The Home Ministry on Friday night issued two gazette notifications enacting changes to the Foreign Contribution (Regulation) Act (FCRA) and its rules, as well as foreign grants to political parties, legislators, candidates, judges, government employees, journalists and media houses, among others. Acceptance is barred – if they receive foreign grants from relatives abroad and fail to notify the government within 90 days, they will no longer be judged.
The amended rules make it a complex offense, and the recipient must pay 5% of the foreign contribution received – before, such offenses will be tried in a court of law. The new notification has increased the number of organized crimes from 7 to 12 under the law and this is one of them.
Other key changes include a rebate to the government for contributions of less than Rs 10 lakh – the previous limit was Rs 1 lakh – received from relatives abroad, and an extension of the bank account opening period.
Regarding addictive offenses, the Gazette notification states, “Failure to notify the receipt of foreign contributions within the prescribed period shall be punishable under Section 3, 11 and 35 of the Act punishable with offense 6”. “Five per cent of such foreign contributions received in a financial year.”
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The changes to the FCRA rules will come as a relief to those who are barred from accepting foreign contributions under Section 3 of the Act. The changes give companies more time to inform the government about opening bank accounts to use the funds received.
Article 3 of the FCRA states: “No foreign contribution shall be accepted by any … election candidate; Correspondent, columnist, cartoonist, editor, owner, printer or publisher of a registered newspaper; Judges, government employees or employees of corporations or any other body controlled or owned by the government; A member of the legislature; Political party or its incumbents; Organizations of a political nature specified by the Central Government under sub-section (1) of section 5; Associations or companies engaged in the production or broadcast of audio news or audio visual news or current affairs programs through any electronic mode, or any other electronic form as defined in section (r) of sub-section (1) of section 2 of the Information Act, 2000 ( 21 of 2000) or any other method of mass communication; Correspondent, cartoonist, editor, association or company owner … “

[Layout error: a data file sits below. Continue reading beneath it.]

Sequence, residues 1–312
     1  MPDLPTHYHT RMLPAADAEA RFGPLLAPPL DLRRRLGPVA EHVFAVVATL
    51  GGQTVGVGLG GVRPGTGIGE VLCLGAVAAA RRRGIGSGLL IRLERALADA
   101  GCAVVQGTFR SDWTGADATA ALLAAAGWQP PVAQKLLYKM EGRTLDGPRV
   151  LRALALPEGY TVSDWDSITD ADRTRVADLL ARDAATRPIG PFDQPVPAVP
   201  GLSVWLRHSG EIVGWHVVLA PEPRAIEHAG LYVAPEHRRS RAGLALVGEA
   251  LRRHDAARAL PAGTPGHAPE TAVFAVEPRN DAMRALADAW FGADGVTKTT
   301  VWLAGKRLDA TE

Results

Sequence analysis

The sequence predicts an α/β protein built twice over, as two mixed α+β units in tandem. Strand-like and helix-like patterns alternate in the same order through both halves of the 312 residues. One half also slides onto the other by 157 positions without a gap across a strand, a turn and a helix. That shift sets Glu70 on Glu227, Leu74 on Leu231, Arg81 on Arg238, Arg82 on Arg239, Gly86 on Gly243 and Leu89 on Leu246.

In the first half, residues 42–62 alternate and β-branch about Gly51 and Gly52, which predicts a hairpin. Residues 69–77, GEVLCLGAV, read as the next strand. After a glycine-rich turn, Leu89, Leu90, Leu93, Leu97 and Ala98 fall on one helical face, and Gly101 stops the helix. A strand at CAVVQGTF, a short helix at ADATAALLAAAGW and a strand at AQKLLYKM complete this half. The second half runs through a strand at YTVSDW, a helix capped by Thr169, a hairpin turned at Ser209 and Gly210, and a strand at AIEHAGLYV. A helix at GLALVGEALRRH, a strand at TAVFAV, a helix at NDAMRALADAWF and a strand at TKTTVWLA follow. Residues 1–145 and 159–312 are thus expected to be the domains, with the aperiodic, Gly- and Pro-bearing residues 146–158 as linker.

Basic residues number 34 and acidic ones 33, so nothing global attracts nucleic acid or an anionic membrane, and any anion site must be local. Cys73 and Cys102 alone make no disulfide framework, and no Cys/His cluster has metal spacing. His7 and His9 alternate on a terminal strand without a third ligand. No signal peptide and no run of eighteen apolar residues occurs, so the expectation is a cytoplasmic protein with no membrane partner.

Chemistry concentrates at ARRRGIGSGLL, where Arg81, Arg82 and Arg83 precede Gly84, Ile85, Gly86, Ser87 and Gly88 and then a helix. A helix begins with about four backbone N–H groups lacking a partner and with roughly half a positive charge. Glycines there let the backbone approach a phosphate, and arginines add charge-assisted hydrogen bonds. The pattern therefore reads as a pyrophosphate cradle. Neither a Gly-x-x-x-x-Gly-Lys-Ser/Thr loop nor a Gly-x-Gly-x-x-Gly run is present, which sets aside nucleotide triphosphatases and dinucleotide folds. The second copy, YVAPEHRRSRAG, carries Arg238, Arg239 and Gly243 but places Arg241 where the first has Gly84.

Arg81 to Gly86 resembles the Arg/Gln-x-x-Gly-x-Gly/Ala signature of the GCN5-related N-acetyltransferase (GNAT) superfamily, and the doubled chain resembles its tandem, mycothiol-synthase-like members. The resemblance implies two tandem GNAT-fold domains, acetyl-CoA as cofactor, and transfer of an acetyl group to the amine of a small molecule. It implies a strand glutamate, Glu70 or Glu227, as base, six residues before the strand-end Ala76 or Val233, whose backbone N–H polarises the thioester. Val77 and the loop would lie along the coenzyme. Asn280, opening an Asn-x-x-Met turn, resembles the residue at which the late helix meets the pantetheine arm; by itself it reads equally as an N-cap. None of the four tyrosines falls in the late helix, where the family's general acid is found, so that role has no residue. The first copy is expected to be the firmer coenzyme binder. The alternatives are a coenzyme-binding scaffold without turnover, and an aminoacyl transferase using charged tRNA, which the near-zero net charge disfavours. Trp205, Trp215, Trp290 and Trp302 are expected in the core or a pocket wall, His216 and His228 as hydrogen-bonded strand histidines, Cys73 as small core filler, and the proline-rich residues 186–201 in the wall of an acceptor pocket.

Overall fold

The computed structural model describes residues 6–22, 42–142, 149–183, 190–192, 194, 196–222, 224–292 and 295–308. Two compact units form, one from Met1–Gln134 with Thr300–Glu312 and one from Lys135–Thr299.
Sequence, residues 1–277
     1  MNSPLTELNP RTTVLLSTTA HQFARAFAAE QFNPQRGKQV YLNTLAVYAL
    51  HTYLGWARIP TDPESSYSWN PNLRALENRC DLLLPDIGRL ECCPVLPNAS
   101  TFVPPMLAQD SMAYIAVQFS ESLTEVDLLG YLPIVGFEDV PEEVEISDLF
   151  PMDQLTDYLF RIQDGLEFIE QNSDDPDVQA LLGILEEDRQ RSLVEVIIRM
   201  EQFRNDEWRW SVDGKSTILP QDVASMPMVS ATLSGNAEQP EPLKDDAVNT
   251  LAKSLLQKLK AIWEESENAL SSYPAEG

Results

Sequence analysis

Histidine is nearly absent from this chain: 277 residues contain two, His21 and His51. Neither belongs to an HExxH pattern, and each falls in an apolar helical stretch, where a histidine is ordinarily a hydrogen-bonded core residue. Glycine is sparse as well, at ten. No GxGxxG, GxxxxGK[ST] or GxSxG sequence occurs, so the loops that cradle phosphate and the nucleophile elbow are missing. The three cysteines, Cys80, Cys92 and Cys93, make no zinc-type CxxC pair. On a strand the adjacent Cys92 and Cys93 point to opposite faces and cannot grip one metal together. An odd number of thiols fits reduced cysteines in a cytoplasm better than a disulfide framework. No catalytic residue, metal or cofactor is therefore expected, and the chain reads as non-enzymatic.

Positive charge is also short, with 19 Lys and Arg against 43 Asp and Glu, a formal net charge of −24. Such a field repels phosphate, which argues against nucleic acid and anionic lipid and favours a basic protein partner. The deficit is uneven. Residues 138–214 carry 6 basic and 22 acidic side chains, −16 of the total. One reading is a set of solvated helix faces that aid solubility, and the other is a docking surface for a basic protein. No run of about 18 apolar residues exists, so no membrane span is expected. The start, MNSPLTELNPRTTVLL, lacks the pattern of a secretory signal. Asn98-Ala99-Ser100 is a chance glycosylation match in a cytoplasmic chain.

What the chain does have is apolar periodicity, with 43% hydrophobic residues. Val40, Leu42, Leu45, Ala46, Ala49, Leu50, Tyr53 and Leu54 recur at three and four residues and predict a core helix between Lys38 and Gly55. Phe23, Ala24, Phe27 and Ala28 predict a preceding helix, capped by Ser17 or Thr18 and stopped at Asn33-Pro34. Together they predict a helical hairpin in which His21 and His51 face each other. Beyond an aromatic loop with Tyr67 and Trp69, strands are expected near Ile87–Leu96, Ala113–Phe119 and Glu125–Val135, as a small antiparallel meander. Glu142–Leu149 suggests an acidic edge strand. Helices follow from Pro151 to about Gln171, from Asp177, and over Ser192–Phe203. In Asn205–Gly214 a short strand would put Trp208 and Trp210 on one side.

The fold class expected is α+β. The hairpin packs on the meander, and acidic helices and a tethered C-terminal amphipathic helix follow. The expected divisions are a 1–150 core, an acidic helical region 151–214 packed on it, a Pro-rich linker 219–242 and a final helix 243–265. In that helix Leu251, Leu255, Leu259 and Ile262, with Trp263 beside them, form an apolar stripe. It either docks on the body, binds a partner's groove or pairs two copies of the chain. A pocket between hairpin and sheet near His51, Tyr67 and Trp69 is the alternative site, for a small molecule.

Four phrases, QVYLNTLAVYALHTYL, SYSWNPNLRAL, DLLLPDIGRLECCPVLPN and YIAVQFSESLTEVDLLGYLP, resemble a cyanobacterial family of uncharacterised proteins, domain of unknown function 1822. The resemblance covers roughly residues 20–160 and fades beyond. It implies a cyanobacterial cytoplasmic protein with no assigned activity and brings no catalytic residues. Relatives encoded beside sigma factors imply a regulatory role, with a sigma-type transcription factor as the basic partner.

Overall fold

An MHA official said these individuals were previously allowed to contribute up to Rs 1 lakh, but if they did not inform the government about the amount of more than Rs 1 lakh within the stipulated time, they were at risk of trial.
Another key change is in Rule 6 of the Act. The word “one lakh rupees” has been replaced by “ten lakh rupees” and the word “thirty days” has been replaced by “three months”.
Rule 6 deals with the “introduction of foreign contributions from relatives” and can receive up to Rs. 1 million from relatives abroad without informing the government of the amendment.
If the amount is more than Rs 10 lakh, the recipient will have three months instead of one month to inform the government.